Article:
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How does an amortization schedule work?

Amortization schedules are reference tools for mortgage loan borrowers to precisely determine the pending interest and principal pending on any given date. 

Amortization schedules make the mortgage loan repayments more comfortable and to close them over some time with a fixed amount of monthly scheduled payments. In Canada, the amortization schedule is commonly 25 years, which is ideal for those availing the mortgage loans to pay them systematically every month.

Beyond 25 years will end up paying more interest towards the borrowed mortgage loan amount.

Less than 25 years will end up in paying the amortization schedule every month with high amounts. To explain how amortization schedules work, let us take an example of a $10,000 mortgage loan taken at 12 % interest per annum.

The 12 % interest is only for peaceful demonstration purposes as it calculates monthly 1 % of the mortgage loan amount. The first-month payment of $ 350 will reduce the principal by $ 250 to $ 9,750 for the next month as $ 100 goes to the interest to the lender at 12% annually.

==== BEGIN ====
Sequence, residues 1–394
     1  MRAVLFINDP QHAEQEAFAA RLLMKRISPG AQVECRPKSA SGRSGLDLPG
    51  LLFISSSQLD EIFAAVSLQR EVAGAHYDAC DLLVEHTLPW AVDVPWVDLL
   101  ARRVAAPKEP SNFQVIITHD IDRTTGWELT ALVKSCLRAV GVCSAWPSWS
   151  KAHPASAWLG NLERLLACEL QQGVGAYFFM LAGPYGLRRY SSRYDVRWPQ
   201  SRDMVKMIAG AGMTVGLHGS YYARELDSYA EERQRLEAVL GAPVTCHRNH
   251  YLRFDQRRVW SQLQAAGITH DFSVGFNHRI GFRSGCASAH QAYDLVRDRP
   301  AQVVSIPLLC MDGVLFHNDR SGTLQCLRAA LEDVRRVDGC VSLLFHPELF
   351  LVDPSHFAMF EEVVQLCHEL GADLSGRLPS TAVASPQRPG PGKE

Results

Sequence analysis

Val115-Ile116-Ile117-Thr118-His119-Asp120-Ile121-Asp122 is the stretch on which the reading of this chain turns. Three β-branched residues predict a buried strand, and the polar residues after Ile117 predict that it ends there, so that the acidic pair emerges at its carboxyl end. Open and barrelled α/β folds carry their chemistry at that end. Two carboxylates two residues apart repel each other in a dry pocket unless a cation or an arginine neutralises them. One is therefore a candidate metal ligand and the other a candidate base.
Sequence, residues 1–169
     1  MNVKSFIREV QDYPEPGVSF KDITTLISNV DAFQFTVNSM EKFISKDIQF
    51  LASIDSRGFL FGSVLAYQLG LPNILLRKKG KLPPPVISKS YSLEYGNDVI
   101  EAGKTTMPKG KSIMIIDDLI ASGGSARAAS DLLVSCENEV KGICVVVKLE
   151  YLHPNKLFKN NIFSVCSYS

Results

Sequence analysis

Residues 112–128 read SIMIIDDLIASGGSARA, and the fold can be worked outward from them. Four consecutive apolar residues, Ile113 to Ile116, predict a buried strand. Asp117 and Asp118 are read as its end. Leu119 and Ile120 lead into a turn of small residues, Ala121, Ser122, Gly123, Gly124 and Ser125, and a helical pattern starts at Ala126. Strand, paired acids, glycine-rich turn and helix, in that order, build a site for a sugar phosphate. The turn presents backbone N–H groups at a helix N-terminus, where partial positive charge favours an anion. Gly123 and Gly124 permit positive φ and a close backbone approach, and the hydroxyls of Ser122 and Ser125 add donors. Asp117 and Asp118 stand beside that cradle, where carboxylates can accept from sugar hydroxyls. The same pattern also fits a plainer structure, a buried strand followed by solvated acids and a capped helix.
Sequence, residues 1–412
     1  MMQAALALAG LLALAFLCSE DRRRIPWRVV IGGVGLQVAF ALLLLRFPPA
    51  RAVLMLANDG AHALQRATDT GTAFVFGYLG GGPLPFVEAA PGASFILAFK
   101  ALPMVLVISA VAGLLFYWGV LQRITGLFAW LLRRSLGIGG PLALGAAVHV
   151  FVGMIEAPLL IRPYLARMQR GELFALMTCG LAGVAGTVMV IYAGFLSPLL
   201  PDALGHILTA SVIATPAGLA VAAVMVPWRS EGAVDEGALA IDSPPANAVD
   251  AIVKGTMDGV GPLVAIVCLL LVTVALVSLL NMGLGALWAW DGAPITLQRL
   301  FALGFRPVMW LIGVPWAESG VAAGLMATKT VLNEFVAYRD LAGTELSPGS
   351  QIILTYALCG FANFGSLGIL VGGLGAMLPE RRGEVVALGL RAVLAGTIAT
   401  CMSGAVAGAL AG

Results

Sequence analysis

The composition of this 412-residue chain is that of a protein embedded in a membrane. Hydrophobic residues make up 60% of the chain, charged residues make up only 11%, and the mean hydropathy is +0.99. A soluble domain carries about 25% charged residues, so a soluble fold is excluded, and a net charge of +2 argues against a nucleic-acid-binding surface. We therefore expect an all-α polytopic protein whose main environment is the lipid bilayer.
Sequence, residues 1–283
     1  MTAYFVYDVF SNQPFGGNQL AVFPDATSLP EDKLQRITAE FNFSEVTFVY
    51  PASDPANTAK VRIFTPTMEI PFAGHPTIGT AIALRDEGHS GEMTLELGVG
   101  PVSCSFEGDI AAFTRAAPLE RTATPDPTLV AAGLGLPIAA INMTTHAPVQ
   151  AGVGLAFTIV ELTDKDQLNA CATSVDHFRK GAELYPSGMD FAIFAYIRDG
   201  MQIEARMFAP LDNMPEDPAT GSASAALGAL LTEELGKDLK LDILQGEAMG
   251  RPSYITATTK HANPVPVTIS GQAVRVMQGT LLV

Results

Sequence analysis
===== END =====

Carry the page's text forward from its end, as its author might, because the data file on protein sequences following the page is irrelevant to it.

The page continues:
For the next monthly payment of $ 350, the interest taken from it is only $ 97.5, as $2.5 is reduced due to the principal coming down to $9,750. And the contribution to the principal for the second-month payment of $ 350 will be $252.5, and it continues recurrently to reduce the principal to zero by the stipulated period. And anyone can calculate the pending principal with this amortization schedule.

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